Frank (Langella) is an antiquated cat burglar in a near future whose memory is beginning to fail him; indeed he stealthily breaks into a house only to realise that it is his own. Tired of regularly driving miles to tend to him, Frank’s son, Hunter (James Marsden), decides to provide him with some live-in help. This comes in the manufactured form of a robot (voiced by Peter Sarsgaard), about which Frank is less than happy but whom he cannot switch off. When he learns that his new companion can be easily manipulated, the two begin to plan a series of heists together; it may see an improvement in Frank’s cognitive health, but looks destined to land them in hot water.Build around a thoroughly enjoyable and affecting turn from Langella as the forgetful Frank, the film is at first glance a moving caper with a neat twist. Accomplished support is provided by Marsden, Liv Tyler, Susan Sarandon, and Sarsgaard’s impassive tones, and the film flies by with comedy punctuating a thoughtful blooming friendship. That relationship is also astutely built on some intriguing observations about memory, and the notion of losing them is reflected in an advancing digital world. Frank, of course, is struggling to recall things and a technological pal that cannot forget seems ideal. It also raises some interesting questions, however, about the role reminiscence plays in shaping our identity and whether this is lost if our power of recollection is.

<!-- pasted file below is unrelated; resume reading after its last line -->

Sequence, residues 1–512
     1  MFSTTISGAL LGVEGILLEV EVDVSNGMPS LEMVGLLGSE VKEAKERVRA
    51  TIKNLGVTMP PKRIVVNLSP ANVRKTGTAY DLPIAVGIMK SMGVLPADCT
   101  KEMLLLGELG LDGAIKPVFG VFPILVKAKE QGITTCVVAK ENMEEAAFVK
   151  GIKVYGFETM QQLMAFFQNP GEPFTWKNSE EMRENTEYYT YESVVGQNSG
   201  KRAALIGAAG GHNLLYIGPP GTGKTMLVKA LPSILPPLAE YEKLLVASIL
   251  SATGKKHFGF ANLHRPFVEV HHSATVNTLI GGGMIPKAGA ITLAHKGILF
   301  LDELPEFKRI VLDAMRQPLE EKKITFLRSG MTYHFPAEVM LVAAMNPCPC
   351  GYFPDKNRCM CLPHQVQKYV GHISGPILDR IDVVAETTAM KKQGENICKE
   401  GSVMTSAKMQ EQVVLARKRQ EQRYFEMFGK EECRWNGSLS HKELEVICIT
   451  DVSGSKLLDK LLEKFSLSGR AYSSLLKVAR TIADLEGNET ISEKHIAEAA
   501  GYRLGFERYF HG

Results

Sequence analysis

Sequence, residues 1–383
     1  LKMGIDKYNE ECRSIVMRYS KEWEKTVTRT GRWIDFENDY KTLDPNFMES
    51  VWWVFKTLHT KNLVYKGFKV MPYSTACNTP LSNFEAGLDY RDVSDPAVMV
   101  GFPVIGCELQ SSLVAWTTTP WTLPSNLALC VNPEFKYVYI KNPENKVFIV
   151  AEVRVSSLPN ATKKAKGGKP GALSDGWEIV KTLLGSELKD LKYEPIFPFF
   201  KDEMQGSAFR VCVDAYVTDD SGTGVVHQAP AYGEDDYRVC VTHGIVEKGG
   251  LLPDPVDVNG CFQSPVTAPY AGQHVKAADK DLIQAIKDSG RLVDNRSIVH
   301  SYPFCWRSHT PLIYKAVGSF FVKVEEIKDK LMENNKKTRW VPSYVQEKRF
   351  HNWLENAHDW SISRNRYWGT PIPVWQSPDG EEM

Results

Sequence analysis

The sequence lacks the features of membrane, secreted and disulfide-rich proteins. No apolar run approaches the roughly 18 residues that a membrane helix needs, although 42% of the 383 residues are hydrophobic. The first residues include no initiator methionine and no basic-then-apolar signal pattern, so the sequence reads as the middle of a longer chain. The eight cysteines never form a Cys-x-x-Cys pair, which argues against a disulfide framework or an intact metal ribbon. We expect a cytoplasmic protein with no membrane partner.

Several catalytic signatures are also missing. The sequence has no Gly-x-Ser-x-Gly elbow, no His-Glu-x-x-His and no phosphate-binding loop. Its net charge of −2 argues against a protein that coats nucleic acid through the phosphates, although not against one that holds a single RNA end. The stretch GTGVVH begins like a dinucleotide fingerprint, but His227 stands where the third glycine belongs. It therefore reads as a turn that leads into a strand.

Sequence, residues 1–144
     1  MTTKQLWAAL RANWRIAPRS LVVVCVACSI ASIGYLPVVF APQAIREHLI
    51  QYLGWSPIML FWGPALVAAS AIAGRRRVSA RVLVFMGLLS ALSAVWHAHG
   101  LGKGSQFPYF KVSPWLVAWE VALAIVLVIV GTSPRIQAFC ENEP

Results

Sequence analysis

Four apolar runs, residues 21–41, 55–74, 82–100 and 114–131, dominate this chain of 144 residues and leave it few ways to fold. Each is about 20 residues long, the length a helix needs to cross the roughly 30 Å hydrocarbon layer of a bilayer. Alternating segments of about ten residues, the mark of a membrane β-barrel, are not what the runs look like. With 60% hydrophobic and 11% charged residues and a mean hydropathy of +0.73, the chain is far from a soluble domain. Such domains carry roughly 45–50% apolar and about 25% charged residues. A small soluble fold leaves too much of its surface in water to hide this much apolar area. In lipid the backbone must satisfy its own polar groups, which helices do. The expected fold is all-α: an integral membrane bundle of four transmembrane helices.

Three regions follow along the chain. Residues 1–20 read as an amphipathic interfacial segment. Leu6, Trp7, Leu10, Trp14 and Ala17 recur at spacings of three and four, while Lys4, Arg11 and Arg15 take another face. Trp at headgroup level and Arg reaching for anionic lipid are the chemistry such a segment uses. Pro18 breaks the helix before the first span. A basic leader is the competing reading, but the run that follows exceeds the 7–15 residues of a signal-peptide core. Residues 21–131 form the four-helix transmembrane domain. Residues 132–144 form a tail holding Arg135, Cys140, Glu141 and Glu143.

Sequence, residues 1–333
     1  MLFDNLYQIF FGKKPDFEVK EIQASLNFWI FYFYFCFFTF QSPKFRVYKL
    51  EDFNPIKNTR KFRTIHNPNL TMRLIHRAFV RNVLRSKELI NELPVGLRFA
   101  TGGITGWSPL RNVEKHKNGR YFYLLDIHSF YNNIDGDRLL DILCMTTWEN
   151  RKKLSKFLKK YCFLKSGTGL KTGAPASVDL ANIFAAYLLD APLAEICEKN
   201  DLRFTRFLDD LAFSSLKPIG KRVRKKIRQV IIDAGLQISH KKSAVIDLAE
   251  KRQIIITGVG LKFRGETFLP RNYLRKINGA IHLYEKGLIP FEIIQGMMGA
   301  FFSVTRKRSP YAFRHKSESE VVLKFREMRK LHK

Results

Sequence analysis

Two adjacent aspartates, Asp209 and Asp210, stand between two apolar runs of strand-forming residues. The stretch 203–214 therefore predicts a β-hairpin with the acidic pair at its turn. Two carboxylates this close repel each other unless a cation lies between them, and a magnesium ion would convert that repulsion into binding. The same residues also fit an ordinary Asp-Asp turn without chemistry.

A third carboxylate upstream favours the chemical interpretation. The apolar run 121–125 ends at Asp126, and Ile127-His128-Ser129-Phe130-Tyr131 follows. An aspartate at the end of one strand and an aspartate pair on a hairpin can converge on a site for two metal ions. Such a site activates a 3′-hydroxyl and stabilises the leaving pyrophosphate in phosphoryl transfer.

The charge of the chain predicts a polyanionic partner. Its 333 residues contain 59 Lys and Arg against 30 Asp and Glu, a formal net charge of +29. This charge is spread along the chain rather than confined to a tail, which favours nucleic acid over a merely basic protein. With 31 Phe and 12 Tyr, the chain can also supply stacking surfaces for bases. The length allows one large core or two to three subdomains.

Don’t let that suggest, though, that the film is bogged down on Sci-Fi philosophising. These more cerebral elements are beautifully woven into a funny and entertaining comedy-drama about a curmudgeonly old thief and his bothersome housekeeper robot. With it hitting cinemas on Friday 8 March 2013, I would highly recommend you seek it out.